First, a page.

The next issue is whether defendant was properly advised of the information regarding refusal which is mandated by I.C. § 18-8002(3). The license of a driver who refuses to submit to a requested test will be reinstated if he can establish at the show cause hearing that he was not completely advised of his rights and duties under the statute. Cf., State v. Rogers, 37 Wn. App. 728, 683 P.2d 608, 611 (1984), review denied, 102 Wn.2d 1013 (1984). Here, when defendant was asked to submit to a blood test at the hospital, Officer Hayball did not inform defendant, as the statute mandates, that he could have additional tests made at his own expense. Therefore, the defendant's failure to cooperate at this point in time was not technically a "refusal" within the meaning of the statute. However, later, when the defendant was taken to the police department, Officer Hayball read the standard consent form to defendant which included all of the information rquired by section 18-8002(3). See n. 2, supra. After hearing this, defendant was asked whether he would submit to an evidentiary test and defendant refused. Therefore, we hold that defendant was properly advised regarding the refusal to submit to a requested blood-alcohol test.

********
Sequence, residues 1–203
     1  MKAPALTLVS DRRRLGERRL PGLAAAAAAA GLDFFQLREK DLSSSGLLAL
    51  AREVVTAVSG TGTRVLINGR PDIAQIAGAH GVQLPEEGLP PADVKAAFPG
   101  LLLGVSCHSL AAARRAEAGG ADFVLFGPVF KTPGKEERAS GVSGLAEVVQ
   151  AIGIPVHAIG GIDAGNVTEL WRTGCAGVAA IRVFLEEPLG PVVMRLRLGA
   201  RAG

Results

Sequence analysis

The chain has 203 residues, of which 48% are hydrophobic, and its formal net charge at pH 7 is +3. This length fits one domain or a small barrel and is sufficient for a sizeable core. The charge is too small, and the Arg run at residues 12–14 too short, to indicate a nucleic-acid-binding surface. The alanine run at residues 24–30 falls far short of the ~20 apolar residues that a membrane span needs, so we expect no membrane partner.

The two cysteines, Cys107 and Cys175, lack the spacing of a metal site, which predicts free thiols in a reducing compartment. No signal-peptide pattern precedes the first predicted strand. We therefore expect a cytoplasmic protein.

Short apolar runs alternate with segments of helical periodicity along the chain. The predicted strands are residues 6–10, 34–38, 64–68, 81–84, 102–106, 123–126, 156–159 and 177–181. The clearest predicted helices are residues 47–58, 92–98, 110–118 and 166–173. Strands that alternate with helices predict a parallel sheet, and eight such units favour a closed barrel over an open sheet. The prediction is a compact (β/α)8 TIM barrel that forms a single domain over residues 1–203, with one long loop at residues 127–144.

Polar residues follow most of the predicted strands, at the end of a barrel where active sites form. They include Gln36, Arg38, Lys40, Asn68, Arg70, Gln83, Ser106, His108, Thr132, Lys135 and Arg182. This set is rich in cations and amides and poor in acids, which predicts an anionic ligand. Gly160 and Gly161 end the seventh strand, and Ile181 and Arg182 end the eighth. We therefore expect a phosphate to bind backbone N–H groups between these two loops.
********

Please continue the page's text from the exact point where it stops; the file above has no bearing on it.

Next, it is contended that defendant did not refuse since he expressed a desire to take the inoperative Intoximeter 3000, and since he allegedly requested a urine test as well. We find these arguments groundless.
The choice as to the test which will be given is the police officer's. I.C. § 18-8004(1), Idaho's DUI statute, provides that driving under the influence may be proven "by analysis of [the driver's] blood, urine, or breath. . . ." The Utah Supreme Court has interpreted similar "or" language as giving drivers the choice as to which evidentiary test will be taken. See Ringwood v. State, 8 Utah 2d 287, 333 P.2d 943 (1959). However, the "or" language they were referring to there was not in the DUI statute, but in the implied consent statute. Idaho's implied consent statute, I.C. § 18-8002, contains no such "or" language. Furthermore, Idaho's statute states that it is the police officer who is the one requesting the test. This would indicate that it is also the police officer who will determine the type of test which will be requested. Therefore, we hold that the choice as to which type of evidentiary test for concentration of alcohol, drugs or other intoxicating substances will be requested rests with the police officer, not the defendant. A contrary holding would require the many rural law enforcement agencies of this state to have readily available all three evidentiary tests, and this would be a burdensome requirement. Defendant was requested to submit to a blood test. He refused. That defendant may or may not have expressed a genuine desire to submit to a breath or urine test is of no moment. The choice was not his to make, and therefore, his conduct was a refusal.